More info :

http://www.facebook.com/iSocialWatch
http://www.twitter.com/iSocialWatch
http://www.isocialwatch.com

@Nick_Hentoff

There is a bare-breasted statue of Lady Justice in at least one of the Ninth Circuit Court of Appeals' main courtrooms in San Francisco. I remember arguing a case before an en banc panel who were reconsidering the unanimous ruling of a 3 judge panel who had earlier rejected a ban on possession of depictions of frontal nudity by inmates in the Maricopa County Jail system.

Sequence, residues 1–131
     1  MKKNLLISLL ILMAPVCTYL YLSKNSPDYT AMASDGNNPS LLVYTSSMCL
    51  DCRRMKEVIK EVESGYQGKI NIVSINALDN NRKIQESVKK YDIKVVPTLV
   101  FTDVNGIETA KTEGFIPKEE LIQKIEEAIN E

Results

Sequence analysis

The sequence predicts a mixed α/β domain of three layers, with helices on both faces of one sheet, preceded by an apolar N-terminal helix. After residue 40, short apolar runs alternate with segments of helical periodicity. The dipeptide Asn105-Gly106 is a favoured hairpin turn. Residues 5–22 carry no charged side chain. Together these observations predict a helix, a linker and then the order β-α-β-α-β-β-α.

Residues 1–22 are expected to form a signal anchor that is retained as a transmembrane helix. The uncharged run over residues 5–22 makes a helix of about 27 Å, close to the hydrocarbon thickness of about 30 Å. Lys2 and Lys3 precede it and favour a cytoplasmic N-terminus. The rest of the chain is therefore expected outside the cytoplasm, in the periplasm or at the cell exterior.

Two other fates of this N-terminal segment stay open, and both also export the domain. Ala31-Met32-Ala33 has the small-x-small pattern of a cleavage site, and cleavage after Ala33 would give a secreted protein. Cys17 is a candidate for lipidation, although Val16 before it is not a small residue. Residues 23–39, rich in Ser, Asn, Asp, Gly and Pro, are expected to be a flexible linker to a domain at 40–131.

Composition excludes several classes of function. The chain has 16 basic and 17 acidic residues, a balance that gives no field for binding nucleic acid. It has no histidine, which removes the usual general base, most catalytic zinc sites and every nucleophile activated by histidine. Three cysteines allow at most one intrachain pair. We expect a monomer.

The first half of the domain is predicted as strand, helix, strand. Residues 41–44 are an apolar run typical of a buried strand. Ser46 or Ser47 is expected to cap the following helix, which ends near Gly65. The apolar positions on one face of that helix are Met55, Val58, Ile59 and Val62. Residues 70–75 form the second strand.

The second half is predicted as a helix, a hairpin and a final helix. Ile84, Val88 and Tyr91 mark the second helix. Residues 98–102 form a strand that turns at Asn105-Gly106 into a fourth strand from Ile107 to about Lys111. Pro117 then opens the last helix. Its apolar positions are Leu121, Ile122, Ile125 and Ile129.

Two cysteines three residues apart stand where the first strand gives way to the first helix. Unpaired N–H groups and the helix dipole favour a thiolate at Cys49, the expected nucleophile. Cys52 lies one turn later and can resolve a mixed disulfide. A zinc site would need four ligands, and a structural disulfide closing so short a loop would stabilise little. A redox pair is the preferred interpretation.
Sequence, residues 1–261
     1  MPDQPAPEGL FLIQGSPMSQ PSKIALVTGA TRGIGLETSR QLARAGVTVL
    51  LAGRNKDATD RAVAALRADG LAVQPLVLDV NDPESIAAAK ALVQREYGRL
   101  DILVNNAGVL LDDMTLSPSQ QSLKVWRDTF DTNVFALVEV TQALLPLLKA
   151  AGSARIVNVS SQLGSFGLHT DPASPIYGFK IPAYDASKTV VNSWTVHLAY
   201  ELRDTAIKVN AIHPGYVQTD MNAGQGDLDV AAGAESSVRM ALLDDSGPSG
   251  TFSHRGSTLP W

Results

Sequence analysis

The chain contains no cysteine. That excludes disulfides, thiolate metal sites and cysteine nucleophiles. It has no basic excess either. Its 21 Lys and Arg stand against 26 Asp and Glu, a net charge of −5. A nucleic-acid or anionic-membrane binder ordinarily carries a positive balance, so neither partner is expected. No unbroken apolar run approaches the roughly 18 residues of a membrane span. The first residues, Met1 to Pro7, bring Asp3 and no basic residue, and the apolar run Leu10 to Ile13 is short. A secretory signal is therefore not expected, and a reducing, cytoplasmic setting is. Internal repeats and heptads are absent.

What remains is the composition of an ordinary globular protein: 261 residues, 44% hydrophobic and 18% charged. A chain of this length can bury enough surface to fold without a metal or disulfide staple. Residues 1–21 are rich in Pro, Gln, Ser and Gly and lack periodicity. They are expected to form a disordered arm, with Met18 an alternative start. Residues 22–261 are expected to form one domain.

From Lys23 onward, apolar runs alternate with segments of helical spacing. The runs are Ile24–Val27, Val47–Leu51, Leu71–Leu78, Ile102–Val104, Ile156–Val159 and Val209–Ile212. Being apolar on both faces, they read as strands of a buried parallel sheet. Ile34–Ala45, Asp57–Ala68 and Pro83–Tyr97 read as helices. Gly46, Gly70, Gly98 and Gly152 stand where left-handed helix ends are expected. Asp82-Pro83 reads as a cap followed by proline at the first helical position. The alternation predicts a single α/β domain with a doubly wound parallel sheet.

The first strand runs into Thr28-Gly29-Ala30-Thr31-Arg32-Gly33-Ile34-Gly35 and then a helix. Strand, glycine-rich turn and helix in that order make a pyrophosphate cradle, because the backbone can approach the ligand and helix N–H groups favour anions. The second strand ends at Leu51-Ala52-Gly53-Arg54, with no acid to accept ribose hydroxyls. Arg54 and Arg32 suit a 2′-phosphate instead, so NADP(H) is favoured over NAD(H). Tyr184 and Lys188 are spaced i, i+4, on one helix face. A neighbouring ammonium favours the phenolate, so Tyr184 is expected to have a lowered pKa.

During oral argument, I made a point of reminding the judges that the policy in question would prohibit jail Inmates from possessing a photograph of the judges hearing arguments in the case because of the bare-breasted statue looming behind them. The panel apparently didn't appreciate the irony since they overturned the earlier panel's 3-0 ruling in a 7-4 opinion upholding the MCSO's ban on depictions of frontal nudity. Talk about snatching defeat from the jaws of victory.

Anonymous

It's funny and odd that nobody complains about the fact that the lady in the statue does not have pants on and she is fully exposed there! BTW - Her breasts are beautiful art as only god could create...